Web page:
In the spirit of Eddie Van Halen, some tips on creating your own unique tone monster (but with more trial and less error).
Everyone knows he changed the way we play the instrument. But it’s less celebrated that Eddie Van Halen first changed the instrument itself. By cobbling together the limbs and innards of dead gear, he gave the Strat new life, turning it into a fire-breathing metal monster—a new species, known as the FatStrat. He dared to tinker. And in doing so, he revealed that the wizard behind the pickguard is merely a few wires and solder—not so mysterious after all. Today, Van Halen’s “Frankenstein” is a representation of his ascendancy into rock stardom, and subsequent transformation into a brand, with replicas fetching more than $20,000. It’s a testament to the power of trial and error (not to mention the failure of metalheads to grasp the concept of irony).
But even though Ed did it with trial and error, it doesn’t mean we can’t refine the process. Here are 20 tinkering tidbits I’ve learned so far, with the burn scars to prove it. I hope you find this helpful as you make your own monster to unleash on an unsuspecting audience without breaking the bank. Feel free to leave your own nuggets of DIY wisdom and survival stories in the comments section.
1. Get a good soldering iron ($30)
2. Always de-solder ($1.53–$15)
Unless you’re starting from scratch, chances are you’ll need to remove old solder to apply the new stuff. I prefer de-soldering braid, but they also make cheap de-soldering pencils that work like irons, but with a suction pump. Be mindful of where you leave it when plugged in as they often come without holders and heat up like a mother. That’s how the castle burned down in Bride of Frankenstein.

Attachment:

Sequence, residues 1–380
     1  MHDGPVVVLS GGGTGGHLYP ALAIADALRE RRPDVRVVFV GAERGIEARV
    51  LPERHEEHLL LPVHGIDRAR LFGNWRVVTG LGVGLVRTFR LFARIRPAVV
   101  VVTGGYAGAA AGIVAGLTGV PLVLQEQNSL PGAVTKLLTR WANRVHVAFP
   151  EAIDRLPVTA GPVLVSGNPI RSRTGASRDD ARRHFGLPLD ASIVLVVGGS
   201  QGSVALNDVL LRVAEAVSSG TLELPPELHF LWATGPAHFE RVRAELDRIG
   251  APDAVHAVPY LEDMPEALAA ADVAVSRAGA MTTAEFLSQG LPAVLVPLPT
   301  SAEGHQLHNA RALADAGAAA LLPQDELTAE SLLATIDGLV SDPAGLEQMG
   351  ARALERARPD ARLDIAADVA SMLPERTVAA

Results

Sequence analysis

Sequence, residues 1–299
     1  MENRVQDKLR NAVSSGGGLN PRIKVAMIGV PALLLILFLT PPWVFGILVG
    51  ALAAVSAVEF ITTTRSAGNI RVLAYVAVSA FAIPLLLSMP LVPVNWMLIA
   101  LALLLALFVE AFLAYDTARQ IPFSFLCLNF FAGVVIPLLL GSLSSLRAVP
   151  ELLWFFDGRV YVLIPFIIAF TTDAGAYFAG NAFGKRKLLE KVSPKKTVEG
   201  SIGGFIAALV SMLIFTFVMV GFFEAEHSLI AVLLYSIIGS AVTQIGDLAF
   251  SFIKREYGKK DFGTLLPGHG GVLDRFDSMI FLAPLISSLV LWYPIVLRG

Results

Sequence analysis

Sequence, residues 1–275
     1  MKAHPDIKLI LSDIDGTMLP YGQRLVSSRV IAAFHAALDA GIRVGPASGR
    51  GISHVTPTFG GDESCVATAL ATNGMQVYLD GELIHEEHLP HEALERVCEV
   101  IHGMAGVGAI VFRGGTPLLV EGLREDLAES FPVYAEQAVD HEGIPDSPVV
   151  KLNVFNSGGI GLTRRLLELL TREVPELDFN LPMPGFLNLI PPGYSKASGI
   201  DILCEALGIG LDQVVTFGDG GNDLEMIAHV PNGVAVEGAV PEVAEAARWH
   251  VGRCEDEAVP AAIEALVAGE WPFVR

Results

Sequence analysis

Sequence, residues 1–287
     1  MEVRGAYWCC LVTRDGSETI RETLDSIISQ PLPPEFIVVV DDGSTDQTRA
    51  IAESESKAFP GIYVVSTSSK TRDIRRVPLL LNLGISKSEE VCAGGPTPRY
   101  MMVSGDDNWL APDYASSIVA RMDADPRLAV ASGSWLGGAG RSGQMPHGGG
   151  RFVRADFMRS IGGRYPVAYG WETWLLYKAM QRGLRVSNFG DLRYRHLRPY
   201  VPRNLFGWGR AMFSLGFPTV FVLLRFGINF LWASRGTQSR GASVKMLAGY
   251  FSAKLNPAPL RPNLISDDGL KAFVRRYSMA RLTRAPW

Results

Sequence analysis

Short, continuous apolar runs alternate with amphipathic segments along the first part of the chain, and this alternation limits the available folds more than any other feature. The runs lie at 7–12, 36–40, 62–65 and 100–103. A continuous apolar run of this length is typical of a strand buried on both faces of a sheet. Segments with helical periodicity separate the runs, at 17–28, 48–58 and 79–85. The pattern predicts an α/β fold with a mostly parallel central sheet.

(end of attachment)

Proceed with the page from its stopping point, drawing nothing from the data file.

3. Use 60/40 rosin core solder ($3.95)
It figures that the best solder would be made from the worst stuff—lead. Rumor has it that rosin core is scheduled to be banned, so get it while you can. Always solder in a well-ventilated area, and/or get a good gas mask. If the lead scares you, try heating up some McDonald’s fries with a burning cigarette. I’m sure that works just as well.
4. Use heat sinks and save your pots ($0.99–$5)
Small, copper alligator clips will suffice for guitar electronics work, or you can buy a larger one specifically designed for this application. Either way, before soldering, clip it to the component to draw excess heat away to prevent frying the circuitry. If using the small clips, remove them with needle-nose pliers to avoid battle scars.
5. Keep sandpaper on hand ($1–$5)
When grounding pickups and/or claw wire (for vibratos), lightly sand the hosting metal so the solder sticks. If you’re a fussy neat freak, ring terminals are also an option, available at RadioShack for cents. I prefer the standard method of using the tops of pots, now that I’m getting to be a better solderer.
6. Heat shrink tubing is your friend ($2.99–$14.95)
7. 4-wire humbucker = 4 tones ($20–$150)
Why not swap out your two-lead humbuckers with newer 4-lead pickups? The extra leads will allow you to split the coils, put them in series or parallel, or change the phase with a simple $3 DPDT switch from RadioShack.
8. Practice on cheap parts ($20–$100)
You can get 4-lead humbuckers on eBay from Hong Kong for $20 and fully wired pickguards for under $50. Make sure they are open-coiled. If they’re capped, they’re probably epoxy-filled and unalterable.
9. Install a kill switch ($1.99)